Double your value with the Southwest Companion Pass
Chase points transfer 1:1 to Southwest, and while that isn’t normally the best value you can squeeze out of them, the Companion Pass instantly doubles your return.
TPG values Southwest points at 1.5 cents each, and you typically don’t need to put in any extra work to get that value, as Rapid Rewards redemptions are revenue-based. This makes 80,000 points worth $1,200 without a Companion Pass and a whopping $2,400 if you have a Companion Pass and book travel for you and your designated Southwest companion.
Southwest flights to Hawaii are a great way to get the maximum value from your Sapphire Preferred sign-up bonus and the Companion Pass. For example, you can often find round-trip flights from Los Angeles International Airport (LAX) to Maui’s Kahului Airport (OGG) for under 30,000 points per person. If you have a Companion Pass, you and your companion can take two trips to Hawaii using the points earned from the Chase Sapphire Preferred and still have points to spare.
You’ll qualify for a Southwest Companion Pass by earning 135,000 Southwest points in a calendar year. Unfortunately, Chase transfers don’t count toward this requirement, but you might consider opening a Southwest cobranded credit card to speed up the process. Southwest card sign-up bonuses do count toward the 135,000-point requirement for the Companion Pass.
Book $1,000 worth of flights and hotels through the Chase portal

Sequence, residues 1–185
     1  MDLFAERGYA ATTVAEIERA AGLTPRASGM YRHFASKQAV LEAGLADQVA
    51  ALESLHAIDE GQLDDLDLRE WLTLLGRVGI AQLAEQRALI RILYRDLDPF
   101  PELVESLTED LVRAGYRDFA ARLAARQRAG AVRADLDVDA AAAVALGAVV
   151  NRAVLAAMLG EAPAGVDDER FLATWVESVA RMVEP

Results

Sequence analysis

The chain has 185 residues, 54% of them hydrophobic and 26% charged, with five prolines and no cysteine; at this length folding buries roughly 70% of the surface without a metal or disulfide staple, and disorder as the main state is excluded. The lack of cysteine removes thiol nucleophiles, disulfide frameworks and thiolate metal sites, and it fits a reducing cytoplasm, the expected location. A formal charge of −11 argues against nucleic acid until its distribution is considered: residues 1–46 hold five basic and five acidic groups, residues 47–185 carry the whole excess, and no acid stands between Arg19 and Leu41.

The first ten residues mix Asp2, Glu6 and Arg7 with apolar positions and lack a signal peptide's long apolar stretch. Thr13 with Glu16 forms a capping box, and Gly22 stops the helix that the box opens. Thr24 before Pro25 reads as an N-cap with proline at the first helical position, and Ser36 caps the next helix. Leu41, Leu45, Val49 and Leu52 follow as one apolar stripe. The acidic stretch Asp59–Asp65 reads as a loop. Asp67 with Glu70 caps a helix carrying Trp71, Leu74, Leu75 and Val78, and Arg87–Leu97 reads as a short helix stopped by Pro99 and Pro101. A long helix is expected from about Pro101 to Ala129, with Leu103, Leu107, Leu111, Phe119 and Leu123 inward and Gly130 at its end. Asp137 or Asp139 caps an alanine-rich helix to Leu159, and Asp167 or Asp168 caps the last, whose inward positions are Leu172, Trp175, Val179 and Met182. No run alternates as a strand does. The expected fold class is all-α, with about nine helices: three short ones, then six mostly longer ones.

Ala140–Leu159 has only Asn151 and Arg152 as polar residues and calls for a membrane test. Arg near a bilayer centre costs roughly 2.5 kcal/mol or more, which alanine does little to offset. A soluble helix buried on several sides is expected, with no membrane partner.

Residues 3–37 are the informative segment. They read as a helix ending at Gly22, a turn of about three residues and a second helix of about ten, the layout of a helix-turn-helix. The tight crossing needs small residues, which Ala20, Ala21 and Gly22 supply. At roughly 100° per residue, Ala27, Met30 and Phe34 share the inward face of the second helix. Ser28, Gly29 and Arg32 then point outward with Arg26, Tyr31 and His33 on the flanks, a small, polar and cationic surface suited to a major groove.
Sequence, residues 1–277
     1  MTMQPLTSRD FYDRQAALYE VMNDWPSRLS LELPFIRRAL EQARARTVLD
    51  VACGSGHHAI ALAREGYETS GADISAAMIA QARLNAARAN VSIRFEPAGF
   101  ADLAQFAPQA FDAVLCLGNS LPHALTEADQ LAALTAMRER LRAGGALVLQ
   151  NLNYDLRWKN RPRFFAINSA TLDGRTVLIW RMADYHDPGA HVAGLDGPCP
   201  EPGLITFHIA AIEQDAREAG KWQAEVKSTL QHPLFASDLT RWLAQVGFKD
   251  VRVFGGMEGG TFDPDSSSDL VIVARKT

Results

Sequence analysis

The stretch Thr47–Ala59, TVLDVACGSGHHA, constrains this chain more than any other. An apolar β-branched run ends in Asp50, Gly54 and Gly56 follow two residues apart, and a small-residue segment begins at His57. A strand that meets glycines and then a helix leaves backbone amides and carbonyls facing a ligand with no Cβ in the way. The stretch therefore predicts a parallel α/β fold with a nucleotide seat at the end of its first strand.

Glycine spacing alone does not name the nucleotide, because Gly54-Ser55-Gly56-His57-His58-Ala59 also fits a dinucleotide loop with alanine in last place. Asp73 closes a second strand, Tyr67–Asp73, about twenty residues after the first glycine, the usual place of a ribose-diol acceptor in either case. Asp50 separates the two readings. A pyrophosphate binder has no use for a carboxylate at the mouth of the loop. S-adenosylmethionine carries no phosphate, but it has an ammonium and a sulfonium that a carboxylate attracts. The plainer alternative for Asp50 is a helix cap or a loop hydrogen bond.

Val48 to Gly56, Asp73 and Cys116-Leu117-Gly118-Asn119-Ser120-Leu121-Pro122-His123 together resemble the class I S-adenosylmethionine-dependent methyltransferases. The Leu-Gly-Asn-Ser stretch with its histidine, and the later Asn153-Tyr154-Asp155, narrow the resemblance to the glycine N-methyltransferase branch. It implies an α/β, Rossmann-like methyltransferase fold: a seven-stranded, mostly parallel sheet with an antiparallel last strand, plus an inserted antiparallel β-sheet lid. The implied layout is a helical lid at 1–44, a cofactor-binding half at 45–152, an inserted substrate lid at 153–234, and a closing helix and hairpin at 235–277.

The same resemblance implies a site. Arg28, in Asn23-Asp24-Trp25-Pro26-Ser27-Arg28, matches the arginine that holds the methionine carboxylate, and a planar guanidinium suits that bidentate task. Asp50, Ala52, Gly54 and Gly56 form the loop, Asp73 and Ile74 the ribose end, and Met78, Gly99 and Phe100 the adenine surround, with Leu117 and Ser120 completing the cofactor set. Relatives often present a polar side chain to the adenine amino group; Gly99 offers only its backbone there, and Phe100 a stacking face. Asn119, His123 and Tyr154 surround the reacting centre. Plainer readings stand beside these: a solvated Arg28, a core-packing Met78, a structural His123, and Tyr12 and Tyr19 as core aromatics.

Chase Sapphire Preferred cardholders get 25% more value from their points when redeeming them directly through the Ultimate Rewards portal. This is a helpful baseline, as you know that it’s always possible to get at least 1.25 cents per point. That said, it also means you have no room to grind out a better redemption with careful research and planning.
Still, there are plenty of times this can come in handy. If you find a good fare sale, you might pay fewer points than if you transferred to a partner with a fixed award chart. For example, this $423 round-trip ticket from New York’s John F. Kennedy International Airport (JFK) to Porto’s Francisco Sá Carneiro Airport (OPO) would only cost 33,840 Ultimate Rewards points.
Tickets booked this way also code as revenue tickets, meaning you’ll still earn miles and elite qualifying miles/dollars/segments. However, be careful not to accidentally book a basic economy fare, as the Ultimate Rewards portal doesn’t always display that information clearly.
Also, note that you generally won’t earn points, elite credits or elite benefits if you book a hotel through a third-party online travel agency like the Chase portal. Still, this can be a great way to stay at boutique hotels for fewer points by leveraging cheap cash rates.
The Chase Sapphire Preferred is one of the most popular travel rewards cards on the market. If you are eligible to apply and don’t already have one, now’s a great time to apply before the 80,000-point sign-up bonus expires on Thursday, May 25 at 9 a.m. EST. This elevated sign-up bonus and all the amazing ways to redeem it make it worthwhile.
Additional reporting by Andrew Kunesh, Benji Stawski and Kyle Olsen.